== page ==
tics of the site of death, symptoms and quality of life in the last year of life for patients and their families, patient preferences for and continuity of care in the last year of life, and family burden (physical, psychological, practical, and financial). The purpose of this chapter is to review the existing literature on quality of life at the end of life and quality of care at the end of life in order to identify data elements that would provide useful information about dying in America.

DEFINITION OF “THE END OF LIFE”

Designating a period of time as “the end of life” is a difficult but necessary first step. The conceptual model of a “terminal illness” has driven most current public policy about dying, though dying is not so easily predictable for most Americans. Death more frequently occurs during an exacerbation of an otherwise chronic illness or from a complication associated with a very long slow decline in old age (Lunney et al., 2001).

Although any operational definition of end of life would have to depend upon the dataset used, for the purposes of this report, the end of life is defined very broadly. In this report, the term includes the period of time during which an individual copes with declining health from an ultimately terminal illness—from a serious though perhaps chronic illness or from the frailties associated with advanced age even if death is not clearly imminent. We note that life’s ending can come at any age and time, and that death at a young age is a special sorrow (IOM, 1997). Finally, we note that the terms “family” and “loved ones” will be used interchangeably in this report to connote those who have a close connection to the dying person, regardless of their genetic or legal ties.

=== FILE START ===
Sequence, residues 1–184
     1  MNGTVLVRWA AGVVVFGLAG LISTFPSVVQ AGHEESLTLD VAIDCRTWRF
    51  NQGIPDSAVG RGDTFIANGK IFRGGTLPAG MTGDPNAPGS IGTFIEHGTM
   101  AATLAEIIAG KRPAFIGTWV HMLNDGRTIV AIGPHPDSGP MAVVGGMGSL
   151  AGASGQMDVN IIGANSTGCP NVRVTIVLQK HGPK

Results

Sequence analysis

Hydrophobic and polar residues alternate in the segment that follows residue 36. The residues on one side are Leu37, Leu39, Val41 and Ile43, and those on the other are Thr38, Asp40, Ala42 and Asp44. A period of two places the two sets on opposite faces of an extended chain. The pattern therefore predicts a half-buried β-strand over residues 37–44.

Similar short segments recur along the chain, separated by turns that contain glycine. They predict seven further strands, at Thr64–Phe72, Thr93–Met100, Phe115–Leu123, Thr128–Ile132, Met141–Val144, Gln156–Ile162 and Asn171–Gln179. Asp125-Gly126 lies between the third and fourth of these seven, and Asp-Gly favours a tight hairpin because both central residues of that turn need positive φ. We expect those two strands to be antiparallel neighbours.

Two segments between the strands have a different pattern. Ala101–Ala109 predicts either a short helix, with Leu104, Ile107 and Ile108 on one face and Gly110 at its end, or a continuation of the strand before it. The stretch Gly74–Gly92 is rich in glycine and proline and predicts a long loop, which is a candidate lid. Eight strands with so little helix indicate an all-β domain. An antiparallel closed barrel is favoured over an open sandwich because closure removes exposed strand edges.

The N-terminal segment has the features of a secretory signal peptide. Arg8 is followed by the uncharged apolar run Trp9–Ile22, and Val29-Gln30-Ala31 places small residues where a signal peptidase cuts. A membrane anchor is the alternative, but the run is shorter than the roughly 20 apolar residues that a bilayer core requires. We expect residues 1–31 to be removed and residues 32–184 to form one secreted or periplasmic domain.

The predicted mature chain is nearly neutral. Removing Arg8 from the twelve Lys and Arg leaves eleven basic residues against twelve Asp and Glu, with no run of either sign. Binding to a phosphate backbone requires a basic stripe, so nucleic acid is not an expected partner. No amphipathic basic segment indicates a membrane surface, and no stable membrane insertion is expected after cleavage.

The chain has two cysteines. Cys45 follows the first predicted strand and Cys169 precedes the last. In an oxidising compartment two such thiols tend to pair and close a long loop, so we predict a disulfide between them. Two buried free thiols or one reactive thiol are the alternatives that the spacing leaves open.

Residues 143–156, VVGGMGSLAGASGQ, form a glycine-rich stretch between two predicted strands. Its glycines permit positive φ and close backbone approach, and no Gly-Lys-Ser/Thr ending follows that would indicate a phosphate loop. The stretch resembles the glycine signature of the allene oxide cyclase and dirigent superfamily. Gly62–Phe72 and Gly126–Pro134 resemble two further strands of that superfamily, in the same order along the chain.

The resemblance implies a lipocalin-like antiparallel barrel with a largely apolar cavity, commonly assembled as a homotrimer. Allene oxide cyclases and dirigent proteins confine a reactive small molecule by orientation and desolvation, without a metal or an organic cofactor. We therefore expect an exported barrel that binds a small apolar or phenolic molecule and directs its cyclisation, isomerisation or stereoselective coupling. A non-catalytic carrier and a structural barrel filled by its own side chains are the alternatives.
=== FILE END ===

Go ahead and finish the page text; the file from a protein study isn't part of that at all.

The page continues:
CATEGORIES OF DATA RELEVANT TO THE QUALITY OF LIFE AND CARE OF PEOPLE AT THE END OF LIFE

Numerous public discussions and focus group research have helped us to understand what the American public values in the care of the dying (Steinhauser et al., 2000a, b; Teno et al., 2001). Domains relevant to the quality of health care and quality of life include the following:

  • The management of symptoms;

  • Spiritual and personal growth;

  • A familiar setting, surrounded by loved ones;

  • Understandable information to guide decision making and planning;

  • Confidence that one will not be a financial, emotional, or physical



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